The only argument on behalf of the respondents [to justify the limitation of rights and the different treatment between government officials and ordinary citizens] can be risks to the integrity of the polling process, and a strain on financial and logistical resources available. Such argument, however, falls away when regard is had to the fact that the logistical arrangements have to be made for the classes of citizens abroad who are allowed to bring out special votes. The only issue can be financial namely the costs of transporting extra ballot papers to and from South African embassies, High Commissions and consulates which, however, would not place an undue burden on the respondents’ resources. Any risks attendant to the bringing out of special votes will be the same as those existing for the special votes which are allowed in section 33 as it presently stands.
I imagine in the Constitutional Court this issue will be the one that will have to be addressed by either side in far more detail. In the past the Constitutional Court has lambasted the Department of Home Affairs for failing to provide any evidence or factual material to justify the limitation of prisoner’s rights to vote, so we will have to see if the Department will be able to muster the requisite energy to place before the Constitutional Court some arguments about the potential cost and the actual effect on the security of the election if the right to vote were to be extended.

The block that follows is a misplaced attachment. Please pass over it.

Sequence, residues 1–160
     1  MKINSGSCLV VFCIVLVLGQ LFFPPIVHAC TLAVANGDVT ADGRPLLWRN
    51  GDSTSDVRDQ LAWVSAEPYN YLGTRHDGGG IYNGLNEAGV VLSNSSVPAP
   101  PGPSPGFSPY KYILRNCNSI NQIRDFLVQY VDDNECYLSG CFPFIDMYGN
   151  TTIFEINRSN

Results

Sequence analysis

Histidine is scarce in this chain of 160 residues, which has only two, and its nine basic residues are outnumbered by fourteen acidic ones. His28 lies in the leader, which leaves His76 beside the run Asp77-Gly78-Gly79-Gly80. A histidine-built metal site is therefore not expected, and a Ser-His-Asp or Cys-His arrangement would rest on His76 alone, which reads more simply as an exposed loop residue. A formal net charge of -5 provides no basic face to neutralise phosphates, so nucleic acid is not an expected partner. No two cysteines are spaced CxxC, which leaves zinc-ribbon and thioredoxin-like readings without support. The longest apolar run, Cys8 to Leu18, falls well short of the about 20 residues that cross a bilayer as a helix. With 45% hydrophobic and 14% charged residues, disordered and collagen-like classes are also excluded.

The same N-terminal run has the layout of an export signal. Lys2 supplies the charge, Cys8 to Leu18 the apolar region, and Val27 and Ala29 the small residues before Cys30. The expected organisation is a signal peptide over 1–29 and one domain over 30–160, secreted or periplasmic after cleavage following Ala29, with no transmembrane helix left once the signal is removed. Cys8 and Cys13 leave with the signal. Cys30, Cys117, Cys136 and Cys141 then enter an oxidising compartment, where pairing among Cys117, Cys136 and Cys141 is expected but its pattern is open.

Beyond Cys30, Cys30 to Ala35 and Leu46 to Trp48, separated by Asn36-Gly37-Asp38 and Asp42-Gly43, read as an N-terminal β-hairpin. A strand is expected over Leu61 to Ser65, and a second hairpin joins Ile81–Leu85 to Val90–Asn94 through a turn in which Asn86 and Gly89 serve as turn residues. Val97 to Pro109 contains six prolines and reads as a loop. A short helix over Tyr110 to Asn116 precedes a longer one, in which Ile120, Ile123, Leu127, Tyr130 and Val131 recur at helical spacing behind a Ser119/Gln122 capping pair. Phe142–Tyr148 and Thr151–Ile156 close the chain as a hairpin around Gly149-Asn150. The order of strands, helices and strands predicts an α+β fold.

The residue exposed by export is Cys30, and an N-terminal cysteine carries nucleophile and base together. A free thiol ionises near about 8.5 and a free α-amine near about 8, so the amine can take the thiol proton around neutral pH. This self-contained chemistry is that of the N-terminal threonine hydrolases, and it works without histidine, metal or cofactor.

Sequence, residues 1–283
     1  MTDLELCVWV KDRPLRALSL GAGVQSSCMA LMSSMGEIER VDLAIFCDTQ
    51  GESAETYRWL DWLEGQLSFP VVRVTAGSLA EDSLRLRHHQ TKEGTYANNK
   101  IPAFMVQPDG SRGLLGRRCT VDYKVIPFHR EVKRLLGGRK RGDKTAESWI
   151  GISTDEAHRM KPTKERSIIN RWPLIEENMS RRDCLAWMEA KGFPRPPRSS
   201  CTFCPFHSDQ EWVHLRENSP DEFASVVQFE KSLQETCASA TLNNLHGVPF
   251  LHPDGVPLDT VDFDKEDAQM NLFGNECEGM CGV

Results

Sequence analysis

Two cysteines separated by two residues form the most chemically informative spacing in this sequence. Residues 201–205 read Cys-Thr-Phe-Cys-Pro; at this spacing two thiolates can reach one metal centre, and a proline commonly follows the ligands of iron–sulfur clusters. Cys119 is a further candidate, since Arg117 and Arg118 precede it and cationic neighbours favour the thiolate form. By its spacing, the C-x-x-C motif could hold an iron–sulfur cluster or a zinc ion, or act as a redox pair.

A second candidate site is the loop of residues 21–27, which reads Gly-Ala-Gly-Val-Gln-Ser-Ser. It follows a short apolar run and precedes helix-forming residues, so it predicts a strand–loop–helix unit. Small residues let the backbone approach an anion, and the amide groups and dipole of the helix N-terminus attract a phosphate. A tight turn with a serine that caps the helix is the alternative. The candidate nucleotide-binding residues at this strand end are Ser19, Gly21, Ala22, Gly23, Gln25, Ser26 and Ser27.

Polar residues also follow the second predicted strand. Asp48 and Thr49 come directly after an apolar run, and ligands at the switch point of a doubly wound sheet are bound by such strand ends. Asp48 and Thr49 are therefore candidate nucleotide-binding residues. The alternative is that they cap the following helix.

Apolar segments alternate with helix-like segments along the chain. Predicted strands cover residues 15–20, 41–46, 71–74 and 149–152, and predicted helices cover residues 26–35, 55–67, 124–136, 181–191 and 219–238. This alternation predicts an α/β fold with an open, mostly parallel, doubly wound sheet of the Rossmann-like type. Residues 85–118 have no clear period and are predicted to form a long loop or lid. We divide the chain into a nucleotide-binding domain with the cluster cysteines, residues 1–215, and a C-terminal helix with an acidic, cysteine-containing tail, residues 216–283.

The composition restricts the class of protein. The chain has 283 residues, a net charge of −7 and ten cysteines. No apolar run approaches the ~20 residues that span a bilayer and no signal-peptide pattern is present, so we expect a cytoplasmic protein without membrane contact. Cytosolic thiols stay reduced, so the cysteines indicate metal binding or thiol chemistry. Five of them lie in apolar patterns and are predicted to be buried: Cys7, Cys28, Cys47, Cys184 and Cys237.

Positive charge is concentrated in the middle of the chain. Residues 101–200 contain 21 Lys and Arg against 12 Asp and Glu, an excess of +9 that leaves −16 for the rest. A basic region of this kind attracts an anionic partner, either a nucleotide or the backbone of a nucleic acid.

It is clear that a mere assertion by the Department or the Electoral Commission (as the IEC is called in the Constitution) that great cost would be incurred if this right were to be extended would not wash. Real facts and figures will have to be produced.
This does not mean legislation will have to allow every South African citizen living abroad the right to vote. There might be justifiable reasons to exclude citizens who now permanently live abroad from voting and this judgment does not address the rights of those citizens to vote.
What is clear is that the legislation now being attacked does not seem to make a logical and justifiable distinction between those who are allowed to vote and those who are not. In the absence of very strong evidence about the logistical and cost implications in extending the right to vote and clearly articulated policy considerations about which categories of South African citizens who happen to live abroad should be disenfranchised, the Constitutional Court will have some difficulty with the legislation as it stands.BACK TO TOP